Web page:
For this edition of Maxar Spotlight, we examined the unpredictable security situation in Ethiopia. Our experts used Maxar’s Human Landscape, machine learning and high-resolution imagery to reveal social complexities with ethnicity layers, identify previously unmapped roads and observe recent developments.

Ethiopia is beset with conflict and uncertainty on multiple fronts. Deep distrust among ethnic groups in the country fuels tensions within Ethiopia and with its neighbors. The national government is battling the military arm of the regional government in the northwest province of Tigray, and military forces from neighboring Eritrea are contributing to further unrest in the region, the BBC reports. Hundreds of thousands of civilians are internally displaced from the conflicts, and reports of human rights abuses abound, according to Amnesty International.

In September 2020, Prime Minister Abiy Ahmed postponed regional elections because of COVID-19 concerns. The Tigray People’s Liberation Front (TPLF) rejected the postponement and held regional elections in defiance of the order. In response, federal lawmakers voted to cut funding to the Tigray region. Fighting between the Ethiopian National Defense Force and TPLF ensued. What began as a political dispute over election authority quickly transformed into ethnic conflict. As of May 2021, hostilities are still being reported across Tigray’s six zones, with some districts inaccessible to humanitarian workers, according to the U.S. Agency for International Development.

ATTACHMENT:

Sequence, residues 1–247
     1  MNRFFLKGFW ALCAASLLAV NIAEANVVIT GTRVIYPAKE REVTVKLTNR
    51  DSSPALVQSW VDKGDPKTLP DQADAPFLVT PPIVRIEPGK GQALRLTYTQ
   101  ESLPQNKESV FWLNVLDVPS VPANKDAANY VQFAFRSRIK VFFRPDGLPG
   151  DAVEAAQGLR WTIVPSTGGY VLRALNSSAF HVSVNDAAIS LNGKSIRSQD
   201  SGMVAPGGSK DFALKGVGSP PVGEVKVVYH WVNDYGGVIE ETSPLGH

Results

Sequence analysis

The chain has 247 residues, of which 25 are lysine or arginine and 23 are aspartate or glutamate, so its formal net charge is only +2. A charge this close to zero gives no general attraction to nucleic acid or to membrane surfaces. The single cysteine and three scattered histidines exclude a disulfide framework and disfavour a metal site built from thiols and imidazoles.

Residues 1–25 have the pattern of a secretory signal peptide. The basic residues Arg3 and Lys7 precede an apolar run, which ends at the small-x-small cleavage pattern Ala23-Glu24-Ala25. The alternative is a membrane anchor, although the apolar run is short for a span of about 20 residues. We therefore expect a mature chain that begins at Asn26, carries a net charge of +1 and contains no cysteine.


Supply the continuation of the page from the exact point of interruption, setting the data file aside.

In a March 2021 article published by Just Security at New York University School of Law, the Atlantic Council’s Cameron Hudson summarized the international community’s hope for a long-term solution in Tigray with five goals: “a cessation of hostilities, unfettered humanitarian access, the removal of foreign troops, a process of justice and accountability for crimes committed, and for political reconciliation to occur.”

Read the full periodical to gain a better understanding of how Maxar’s Earth Intelligence capabilities reveal patterns of life and insights to predict, mitigate and resolve crisis and conflict.

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Sneak Peek: (excerpt from Maxar Spotlight, Vol. 29)

The International Organization for Migration estimates the crisis in Tigray has displaced nearly 1.1 million people in northern Ethiopia, with 1 million internally displaced persons within Tigray and an additional 45,343 in the Afar region and 18,781 in the Amhara region. The U.N. High Commissioner for Refugees (UNHCR) reported that, as of April 2021, at least 63,000 Ethiopian refugees had arrived in eastern Sudan since fighting began in November 2020. Between 200 and 500 refugees arrived in Sudan daily through January 2021; by March the influx dropped to 30-50 arrivals per day, according to the UNHCR. Many refugees have been relocated to two permanent camps in Gedaref, Sudan. Others stay close to the border in Hamdayet in hopes of returning home or hearing from relatives.

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